You are exactly correct about the problem that formerly existed. However, if 
anyone had asked, my proposed solution would be to revoke the driver's licenses 
of the offending motorists, and to impound their vehicles. Including at least 
one police car I saw in the bike lane.

As a compromise, I would have settled for simply ticketing them. 

The current 'solution' doesn't address the real problem, which is careless 
driving. I've already had several cars cross over in front of me, across the 
solid white lines (as opposed to behind me, across the dashed lines).  

Unless the city is willing to ticket these drivers, all that engineering isn't 
going to make me feel safe. 

The current striping might be consistent with some definition of 'standard'. 
But I doubt that such a standard takes into account the pod people from the 
sprawl-burbs who have an overt hostility to the spandex crowd that frequents 
this road.

Also, in the south-bound lane, motorists routinely cut the corner as the road 
curves about 50 feet south of the intersection, cutting into the bike lane. 


---- David Vogt <[EMAIL PROTECTED]> wrote:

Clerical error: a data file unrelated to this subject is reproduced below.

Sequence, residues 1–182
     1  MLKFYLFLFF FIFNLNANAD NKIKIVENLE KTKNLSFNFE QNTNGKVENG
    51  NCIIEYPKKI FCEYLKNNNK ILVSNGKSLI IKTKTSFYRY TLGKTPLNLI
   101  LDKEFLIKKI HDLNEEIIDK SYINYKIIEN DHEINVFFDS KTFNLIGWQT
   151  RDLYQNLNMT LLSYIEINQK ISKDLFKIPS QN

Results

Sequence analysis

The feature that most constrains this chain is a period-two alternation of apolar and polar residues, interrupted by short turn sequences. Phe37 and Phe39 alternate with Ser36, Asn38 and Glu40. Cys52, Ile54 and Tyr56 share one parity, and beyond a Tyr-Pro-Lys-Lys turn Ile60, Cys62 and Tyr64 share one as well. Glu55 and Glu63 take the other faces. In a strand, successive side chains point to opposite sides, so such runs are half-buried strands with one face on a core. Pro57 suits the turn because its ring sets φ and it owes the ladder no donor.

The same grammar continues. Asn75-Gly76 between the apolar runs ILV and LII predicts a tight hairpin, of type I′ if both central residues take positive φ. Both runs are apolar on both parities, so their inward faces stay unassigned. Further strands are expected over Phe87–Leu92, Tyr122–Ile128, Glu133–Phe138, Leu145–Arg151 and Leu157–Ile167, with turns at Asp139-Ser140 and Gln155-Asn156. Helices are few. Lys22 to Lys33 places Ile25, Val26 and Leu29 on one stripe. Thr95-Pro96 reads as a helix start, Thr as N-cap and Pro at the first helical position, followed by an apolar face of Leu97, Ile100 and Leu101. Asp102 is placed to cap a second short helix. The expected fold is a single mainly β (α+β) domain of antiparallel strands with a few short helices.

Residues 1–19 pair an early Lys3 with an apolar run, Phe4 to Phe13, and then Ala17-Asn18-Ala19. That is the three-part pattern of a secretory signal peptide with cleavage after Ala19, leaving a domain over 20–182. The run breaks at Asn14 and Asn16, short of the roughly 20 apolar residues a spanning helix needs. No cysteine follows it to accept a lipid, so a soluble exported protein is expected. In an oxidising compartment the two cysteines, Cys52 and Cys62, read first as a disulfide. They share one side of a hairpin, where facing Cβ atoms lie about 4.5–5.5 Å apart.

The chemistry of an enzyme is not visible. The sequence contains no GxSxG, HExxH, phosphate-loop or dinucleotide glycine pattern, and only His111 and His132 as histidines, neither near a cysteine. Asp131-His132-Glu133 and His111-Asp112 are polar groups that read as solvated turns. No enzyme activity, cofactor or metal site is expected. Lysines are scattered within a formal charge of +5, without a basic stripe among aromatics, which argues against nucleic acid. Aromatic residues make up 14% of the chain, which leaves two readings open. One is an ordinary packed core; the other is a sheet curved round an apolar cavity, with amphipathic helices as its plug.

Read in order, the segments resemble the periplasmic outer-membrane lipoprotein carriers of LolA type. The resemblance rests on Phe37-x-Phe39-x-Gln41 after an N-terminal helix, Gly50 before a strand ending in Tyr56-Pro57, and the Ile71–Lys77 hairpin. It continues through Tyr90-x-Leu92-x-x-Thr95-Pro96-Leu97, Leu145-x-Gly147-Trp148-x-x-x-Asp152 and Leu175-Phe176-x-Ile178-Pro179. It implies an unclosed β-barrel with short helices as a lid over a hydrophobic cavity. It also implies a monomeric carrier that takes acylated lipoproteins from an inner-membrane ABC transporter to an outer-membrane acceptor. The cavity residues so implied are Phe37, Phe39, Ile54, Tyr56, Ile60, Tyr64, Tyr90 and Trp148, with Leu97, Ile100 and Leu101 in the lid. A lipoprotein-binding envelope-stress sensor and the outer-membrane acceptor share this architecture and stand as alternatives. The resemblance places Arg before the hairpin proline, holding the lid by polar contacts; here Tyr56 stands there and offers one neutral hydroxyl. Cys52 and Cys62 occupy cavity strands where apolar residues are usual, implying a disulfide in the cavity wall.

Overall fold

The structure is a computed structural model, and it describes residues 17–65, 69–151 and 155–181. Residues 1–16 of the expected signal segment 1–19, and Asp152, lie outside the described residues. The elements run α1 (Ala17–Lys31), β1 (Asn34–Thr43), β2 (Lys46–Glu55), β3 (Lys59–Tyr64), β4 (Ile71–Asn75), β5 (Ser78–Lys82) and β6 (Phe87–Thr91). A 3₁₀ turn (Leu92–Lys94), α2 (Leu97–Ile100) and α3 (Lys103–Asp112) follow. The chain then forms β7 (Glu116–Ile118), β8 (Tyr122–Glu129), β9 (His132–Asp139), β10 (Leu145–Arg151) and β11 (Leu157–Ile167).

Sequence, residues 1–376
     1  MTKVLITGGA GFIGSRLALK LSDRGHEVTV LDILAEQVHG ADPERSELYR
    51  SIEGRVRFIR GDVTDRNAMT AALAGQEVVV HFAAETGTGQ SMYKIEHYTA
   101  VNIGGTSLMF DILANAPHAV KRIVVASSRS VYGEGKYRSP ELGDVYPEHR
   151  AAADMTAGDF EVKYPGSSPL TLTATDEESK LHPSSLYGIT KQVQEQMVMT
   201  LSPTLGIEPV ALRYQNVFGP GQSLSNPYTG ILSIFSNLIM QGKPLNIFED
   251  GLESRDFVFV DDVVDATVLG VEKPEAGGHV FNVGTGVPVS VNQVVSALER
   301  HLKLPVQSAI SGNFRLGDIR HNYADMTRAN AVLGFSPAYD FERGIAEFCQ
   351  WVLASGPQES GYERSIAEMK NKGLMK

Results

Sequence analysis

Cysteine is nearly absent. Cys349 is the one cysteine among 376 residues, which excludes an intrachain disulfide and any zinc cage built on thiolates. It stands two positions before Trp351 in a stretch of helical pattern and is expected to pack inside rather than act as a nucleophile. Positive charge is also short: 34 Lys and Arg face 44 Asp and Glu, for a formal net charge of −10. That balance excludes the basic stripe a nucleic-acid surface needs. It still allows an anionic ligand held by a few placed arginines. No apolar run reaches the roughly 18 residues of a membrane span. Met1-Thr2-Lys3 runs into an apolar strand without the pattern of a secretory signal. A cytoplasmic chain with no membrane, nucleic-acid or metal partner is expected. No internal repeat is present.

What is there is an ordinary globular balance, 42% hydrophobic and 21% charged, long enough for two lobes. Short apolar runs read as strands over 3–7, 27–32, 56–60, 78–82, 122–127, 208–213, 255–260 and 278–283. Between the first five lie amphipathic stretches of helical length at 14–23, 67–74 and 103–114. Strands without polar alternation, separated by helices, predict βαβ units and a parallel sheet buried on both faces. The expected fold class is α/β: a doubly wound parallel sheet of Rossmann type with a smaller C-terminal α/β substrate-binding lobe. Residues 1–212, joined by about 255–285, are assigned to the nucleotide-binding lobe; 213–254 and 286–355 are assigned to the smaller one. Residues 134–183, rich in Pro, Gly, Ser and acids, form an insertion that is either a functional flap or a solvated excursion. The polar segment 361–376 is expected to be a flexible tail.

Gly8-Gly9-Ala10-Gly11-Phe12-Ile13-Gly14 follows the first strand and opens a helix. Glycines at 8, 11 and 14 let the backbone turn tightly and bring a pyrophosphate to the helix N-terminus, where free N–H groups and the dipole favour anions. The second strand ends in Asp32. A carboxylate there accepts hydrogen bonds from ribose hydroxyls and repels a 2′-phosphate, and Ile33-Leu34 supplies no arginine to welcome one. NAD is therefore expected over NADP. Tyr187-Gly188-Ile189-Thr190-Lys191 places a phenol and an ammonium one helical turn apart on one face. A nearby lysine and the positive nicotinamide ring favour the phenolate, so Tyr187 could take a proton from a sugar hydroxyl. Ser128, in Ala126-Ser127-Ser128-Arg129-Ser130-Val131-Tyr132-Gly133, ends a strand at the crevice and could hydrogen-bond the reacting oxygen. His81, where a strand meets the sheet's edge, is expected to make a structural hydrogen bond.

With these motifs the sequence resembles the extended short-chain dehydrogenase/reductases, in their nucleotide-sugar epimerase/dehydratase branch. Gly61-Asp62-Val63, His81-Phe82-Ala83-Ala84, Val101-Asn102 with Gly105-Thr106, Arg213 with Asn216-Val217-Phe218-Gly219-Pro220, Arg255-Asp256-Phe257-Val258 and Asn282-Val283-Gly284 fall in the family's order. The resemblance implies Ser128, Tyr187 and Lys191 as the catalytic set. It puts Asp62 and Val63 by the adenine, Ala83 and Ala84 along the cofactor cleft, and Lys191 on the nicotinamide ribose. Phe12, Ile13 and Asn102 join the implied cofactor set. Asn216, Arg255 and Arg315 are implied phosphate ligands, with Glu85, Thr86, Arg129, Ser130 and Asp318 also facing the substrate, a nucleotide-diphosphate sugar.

> The primary and oft-repeated concern we heard from our members regarding
> this interchange is that the incoming bike lane on Seminole was inevitably
> used as a right-turn lane by cars entering the Beltline.  This was not an
> occasional occurrence, but rather, an everyday occurrence that effectively
> _eliminated_ the bike lane altogether during the morning rush.  This clearly
> created a safety hazard for bicyclists.
> The plan that the BFW reviewed solved the primary problem at the expense of
> some bike lane width.  The bike lane meets state standards for required
> width.  While it would have been nice to see the full lane width retained
> AND elminate the conflict with right-turning motorists, the BFW felt that
> eliminating the conflict - and the safety hazard it created - was more
> important.
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